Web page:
Washington also wants to be seen as a reliable ally and a leader in building coalitions which help to create and protect global public goods. However, few states can afford to continue all international commitments (energy or otherwise) at the same level in times of shifting interests and declining resources. Therefore, with the U.S. commitments created both in the Cold War and after difficult to divest from, Washington has updated its relationships to use their value to meet shifting interests. For instance, NATO, a transatlantic alliance, has helped build stability in Afghanistan and contributed a task force to counter piracy in the Gulf of Aden, while U.S. troop levels in NATO Europe have declined dramatically. In another case, access and basing agreements in Kuwait and Qatar—created to help contain Iraq (and Iran)—have since supported U.S. forces fighting the Taliban and al-Qaeda in Afghanistan. As the nature of U.S. interests and resources change, implementation of these agreements will similarly evolve. In other words, even if the United States may no longer care about the flow of oil in quite the same way it used to, it cares about the relationships it built to help protect that flow of oil. These relationships will almost never be terminated abruptly, but their content will shift over time.
This repurposing of Cold War-era relationships and serving as the primary provider of numerous global public goods may be wearing thin. The shifts in oil flows will be a significant factor contributing to a reconsideration of the U.S. global role and willingness to spend lives and treasure securing oil trade routes. During the Cold War, the United States had domestic political debates over burden-sharing with treaty allies when the United States and its allies faced a clear, common, political-military threat. A future strategy whereby the United States expends the majority of effort protecting oil flows that go to some allies (Japan and South Korea), some partners (India and Vietnam), and some potential geopolitical rivals (China) may come in for more skepticism from many parts of the U.S. political spectrum. At least some Americans are already increasingly skeptical of the United States playing a global role when it cannot be directly related to core U.S. interests.16 If the combination of ongoing budget austerity, a skeptical public, and a shift in who is directly benefiting from the flow of Persian Gulf oil leads to an eventual lessening of U.S. commitments in the region, are there other states poised to take over this role?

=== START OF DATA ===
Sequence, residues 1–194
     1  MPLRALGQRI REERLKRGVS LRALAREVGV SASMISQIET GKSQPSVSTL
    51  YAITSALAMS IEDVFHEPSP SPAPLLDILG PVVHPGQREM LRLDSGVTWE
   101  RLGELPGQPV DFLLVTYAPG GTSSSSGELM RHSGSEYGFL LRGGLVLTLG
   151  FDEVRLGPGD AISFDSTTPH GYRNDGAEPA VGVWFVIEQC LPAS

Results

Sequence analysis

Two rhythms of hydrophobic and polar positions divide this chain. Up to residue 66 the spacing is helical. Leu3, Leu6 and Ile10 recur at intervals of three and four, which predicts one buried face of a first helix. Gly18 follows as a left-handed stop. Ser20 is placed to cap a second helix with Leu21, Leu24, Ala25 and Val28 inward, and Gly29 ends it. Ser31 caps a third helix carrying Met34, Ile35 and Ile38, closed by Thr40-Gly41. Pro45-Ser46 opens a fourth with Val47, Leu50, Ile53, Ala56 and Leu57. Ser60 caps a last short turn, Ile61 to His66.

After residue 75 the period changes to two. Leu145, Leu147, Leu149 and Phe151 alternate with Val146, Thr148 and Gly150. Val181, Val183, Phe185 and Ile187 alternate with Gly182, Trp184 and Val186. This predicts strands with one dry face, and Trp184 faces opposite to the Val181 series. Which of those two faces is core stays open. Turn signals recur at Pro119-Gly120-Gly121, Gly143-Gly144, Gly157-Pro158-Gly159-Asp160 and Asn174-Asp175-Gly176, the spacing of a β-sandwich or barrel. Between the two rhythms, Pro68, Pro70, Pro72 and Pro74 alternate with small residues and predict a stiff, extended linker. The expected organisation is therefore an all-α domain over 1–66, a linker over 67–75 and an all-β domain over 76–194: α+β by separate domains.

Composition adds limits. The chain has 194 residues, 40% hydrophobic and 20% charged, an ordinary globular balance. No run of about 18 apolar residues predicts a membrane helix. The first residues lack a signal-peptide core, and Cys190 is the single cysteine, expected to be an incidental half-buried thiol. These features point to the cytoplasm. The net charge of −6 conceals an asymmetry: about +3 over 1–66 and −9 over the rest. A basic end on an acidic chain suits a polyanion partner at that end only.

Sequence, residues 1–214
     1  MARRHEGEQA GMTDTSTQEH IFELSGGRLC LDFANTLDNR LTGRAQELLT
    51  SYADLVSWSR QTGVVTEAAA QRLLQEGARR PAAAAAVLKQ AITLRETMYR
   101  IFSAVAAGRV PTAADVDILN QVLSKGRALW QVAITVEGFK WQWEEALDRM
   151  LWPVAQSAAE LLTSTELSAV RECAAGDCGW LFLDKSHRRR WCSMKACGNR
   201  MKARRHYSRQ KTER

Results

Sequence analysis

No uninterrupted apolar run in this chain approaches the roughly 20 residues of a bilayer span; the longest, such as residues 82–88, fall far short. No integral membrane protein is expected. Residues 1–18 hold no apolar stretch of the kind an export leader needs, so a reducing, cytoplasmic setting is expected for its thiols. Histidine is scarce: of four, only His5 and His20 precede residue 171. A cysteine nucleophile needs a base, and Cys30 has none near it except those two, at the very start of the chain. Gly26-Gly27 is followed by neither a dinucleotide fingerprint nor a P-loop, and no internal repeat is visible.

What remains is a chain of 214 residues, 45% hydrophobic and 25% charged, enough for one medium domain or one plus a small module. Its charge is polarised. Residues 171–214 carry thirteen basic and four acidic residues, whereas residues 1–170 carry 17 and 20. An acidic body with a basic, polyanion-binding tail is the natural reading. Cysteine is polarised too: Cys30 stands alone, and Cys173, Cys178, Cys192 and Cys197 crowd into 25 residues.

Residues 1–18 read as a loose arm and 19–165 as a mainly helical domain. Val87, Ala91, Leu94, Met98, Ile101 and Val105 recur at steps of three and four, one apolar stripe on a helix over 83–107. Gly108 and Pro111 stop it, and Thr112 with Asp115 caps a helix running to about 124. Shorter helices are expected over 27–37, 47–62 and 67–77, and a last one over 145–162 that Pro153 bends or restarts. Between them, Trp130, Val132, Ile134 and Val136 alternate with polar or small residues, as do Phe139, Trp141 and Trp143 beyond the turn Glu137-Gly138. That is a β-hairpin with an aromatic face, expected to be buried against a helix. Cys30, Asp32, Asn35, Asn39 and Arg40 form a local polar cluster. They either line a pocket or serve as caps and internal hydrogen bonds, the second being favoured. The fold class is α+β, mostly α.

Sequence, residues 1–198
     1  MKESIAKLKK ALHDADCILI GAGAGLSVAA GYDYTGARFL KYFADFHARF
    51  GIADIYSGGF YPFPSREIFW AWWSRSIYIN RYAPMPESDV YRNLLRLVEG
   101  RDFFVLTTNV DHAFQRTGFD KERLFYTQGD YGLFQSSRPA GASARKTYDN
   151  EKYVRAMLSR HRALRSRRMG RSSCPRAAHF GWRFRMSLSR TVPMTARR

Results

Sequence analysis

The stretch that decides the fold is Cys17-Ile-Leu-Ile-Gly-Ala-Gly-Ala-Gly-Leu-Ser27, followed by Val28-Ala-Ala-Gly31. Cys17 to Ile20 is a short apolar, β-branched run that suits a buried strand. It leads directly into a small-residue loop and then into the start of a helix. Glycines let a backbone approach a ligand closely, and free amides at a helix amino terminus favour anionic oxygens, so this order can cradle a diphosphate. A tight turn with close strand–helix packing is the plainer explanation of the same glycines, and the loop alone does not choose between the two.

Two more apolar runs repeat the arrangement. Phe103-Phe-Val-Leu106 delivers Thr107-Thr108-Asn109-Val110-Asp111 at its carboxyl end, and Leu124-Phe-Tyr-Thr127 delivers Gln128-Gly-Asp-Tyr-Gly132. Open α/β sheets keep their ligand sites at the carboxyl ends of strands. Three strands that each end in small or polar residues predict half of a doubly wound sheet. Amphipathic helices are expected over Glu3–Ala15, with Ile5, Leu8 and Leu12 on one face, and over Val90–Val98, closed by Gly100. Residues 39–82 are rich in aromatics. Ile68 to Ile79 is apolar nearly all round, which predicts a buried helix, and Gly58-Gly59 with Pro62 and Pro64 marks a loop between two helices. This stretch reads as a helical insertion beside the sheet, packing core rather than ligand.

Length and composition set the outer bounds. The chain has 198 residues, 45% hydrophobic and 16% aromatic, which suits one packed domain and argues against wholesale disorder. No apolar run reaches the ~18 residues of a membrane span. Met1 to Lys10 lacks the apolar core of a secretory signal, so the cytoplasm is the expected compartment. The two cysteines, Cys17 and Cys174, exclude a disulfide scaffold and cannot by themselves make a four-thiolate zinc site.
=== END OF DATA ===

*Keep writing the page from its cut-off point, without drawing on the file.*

Logical candidates for new protectors of oil flows would be states who have the greatest demand, a growing military, and the political ambition to do so. Europe’s dependence on Persian Gulf oil is dropping much like the United States. Both the EU and NATO are having difficulty keeping up their counter-piracy task forces, let alone anything more significant.17 The Gulf Arab states have been attempting to act together through the Gulf Cooperation Council (GCC) for over thirty years, with little concrete to show for it. While Iran has offered to be the guarantor of security, no other state in the region—with the possible exception of the current government in Iraq—trusts Tehran.
The two prime contenders as up-and-coming guarantors would be India and China. India is developing its navy, is nearby, and sees itself as a global actor. However, India has geopolitical rivals, China and Pakistan, on two fronts. This makes it difficult to free up resources to protect public goods, despite U.S. hopes that it will do just that.18 India also has self-imposed limits on the way it currently operates in the world: like many rising powers, it prefers bilateral interactions, particularly with smaller neighbors. While India has contributed to the counter-piracy efforts off of Somalia, it has insisted on deploying independently rather than joining the U.S.-led coalition. India has stated its preference for this operation to be put under a UN “blue helmet” command—an international construct with which it is comfortable.19 However, UN Security Council-mandated activities are almost always lagging indicators of international concern. A security guarantor for oil flow in the Persian Gulf would have to be more proactive and willing to operate in a variety of political-military configurations.